|This article does not cite any sources. (December 2009)|
|Grigori N. Voitinsky
Григорий Наумович Войтинский
|Head of the Far Eastern Bureau|
17 April 1893
|Died||11 June 1953
|Political party||Communist Party of the Soviet Union (CPSU)|
Grigori Naumovich Voitinsky, born Zarkhin (Russian: Григорий Наумович Войтинский; 1893-1953) was Russian Jew and a Comintern official during its creation, and was sent to China in 1920 as an advisor to contact the prominent Chinese radicals such as Chen Duxiu, just before the formation of the Communist Party of China. The actual process of forming the infant Party can be mostly attributed to his influence, although his successor advisors had more influence about the official Party line itself, such as allying with the Guomindang.
In 1920, the Soviet Union established the Far Eastern Bureau in Siberia, a branch of the Third Communist International, or the Comintern. It was responsible for managing the establishment of a Communist party in China and other countries. Soon after its establishment, the bureau's deputy manager Voitinsky arrived in Beijing and contacted the Communist vanguard Li Dazhao. Li arranged for Voitinsky to meet with another Communist leader, Chen Duxiu, in Shanghai. In August 1920, Voitinsky, Chen Duxiu, Li Hanjun, Shen Xuanlu, Yu Xiusong, Shi Cuntong, and others began to established the Comintern China Branch.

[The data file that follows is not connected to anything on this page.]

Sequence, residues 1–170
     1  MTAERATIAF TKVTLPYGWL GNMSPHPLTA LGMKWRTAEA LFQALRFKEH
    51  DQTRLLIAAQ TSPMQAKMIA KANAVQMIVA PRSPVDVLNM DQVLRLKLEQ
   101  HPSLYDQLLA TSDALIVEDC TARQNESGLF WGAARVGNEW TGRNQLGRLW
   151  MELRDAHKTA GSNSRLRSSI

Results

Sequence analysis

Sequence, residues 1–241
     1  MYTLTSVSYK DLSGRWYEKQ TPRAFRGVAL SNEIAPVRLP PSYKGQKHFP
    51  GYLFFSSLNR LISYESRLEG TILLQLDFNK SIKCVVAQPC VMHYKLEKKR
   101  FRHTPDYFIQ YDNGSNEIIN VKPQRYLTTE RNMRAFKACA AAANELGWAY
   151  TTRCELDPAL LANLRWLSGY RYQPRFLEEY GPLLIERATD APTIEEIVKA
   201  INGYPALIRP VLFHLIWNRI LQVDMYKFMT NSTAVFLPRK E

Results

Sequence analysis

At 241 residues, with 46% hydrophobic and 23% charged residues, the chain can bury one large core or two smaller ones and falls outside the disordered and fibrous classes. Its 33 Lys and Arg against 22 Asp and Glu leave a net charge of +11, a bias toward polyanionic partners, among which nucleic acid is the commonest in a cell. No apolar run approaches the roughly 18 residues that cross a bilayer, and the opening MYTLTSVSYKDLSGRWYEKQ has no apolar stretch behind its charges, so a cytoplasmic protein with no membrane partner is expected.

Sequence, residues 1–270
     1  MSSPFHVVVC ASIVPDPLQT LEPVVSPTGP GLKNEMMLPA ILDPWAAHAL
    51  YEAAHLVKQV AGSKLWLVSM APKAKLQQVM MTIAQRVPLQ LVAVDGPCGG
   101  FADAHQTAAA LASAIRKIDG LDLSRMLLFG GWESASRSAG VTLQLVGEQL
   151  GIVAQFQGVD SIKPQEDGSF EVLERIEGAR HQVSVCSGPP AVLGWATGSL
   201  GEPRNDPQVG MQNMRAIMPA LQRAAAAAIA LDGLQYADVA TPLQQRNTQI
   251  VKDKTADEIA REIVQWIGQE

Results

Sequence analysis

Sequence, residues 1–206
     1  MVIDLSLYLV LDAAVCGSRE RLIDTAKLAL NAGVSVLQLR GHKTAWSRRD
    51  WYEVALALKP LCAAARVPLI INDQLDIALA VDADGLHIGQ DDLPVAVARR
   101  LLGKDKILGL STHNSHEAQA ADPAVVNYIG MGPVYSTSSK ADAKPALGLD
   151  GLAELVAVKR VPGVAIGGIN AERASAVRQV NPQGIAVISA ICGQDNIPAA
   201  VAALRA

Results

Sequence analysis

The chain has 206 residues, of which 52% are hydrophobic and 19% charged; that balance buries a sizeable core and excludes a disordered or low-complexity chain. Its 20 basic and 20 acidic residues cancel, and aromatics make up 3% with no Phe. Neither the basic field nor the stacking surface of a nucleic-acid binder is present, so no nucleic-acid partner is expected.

The Shanghai Chronicle was set up in 1919 in Shanghai by Shemeshko and other Russians with socialist leanings, and received financial aid from the Soviet-Russian government in early 1920. In the spring of 1920, Voitinsky and his colleagues came to China on a mission to establish the Communist Party in China. They not only came to China in the guise of editors and reporters for the newspaper, but also set up the Comintern's East Asia Secretariat in the newspaper office. From then on, the Shanghai Chronicle became both a propaganda vehicle for the East Asia Secretariat and a cover for Bolshevik activity in China. Because the newspaper staff assisted Soviet Russian and Comintern personnel stationed under cover at the newspaper in activities to establish a communist organization in China, the newspaper as a whole played a special role in the early communist movement in China. Although the Shanghai Chronicle stopped publication at the end of 1922 because Russian aid came to an end, many staff members continued to work for Bolshevism.
- Jewish Encyclopedia of Russia (Rossiyskaya Evreiskaya Entsiclopediya), 1st edition; 1995, Moscow.
- Yoshihiro Ishikawa, The Formation of the Chinese Communist Party. Columbia University Press, 2013
- Frank L. Britton Behind Communism. University of Michigan, 1952
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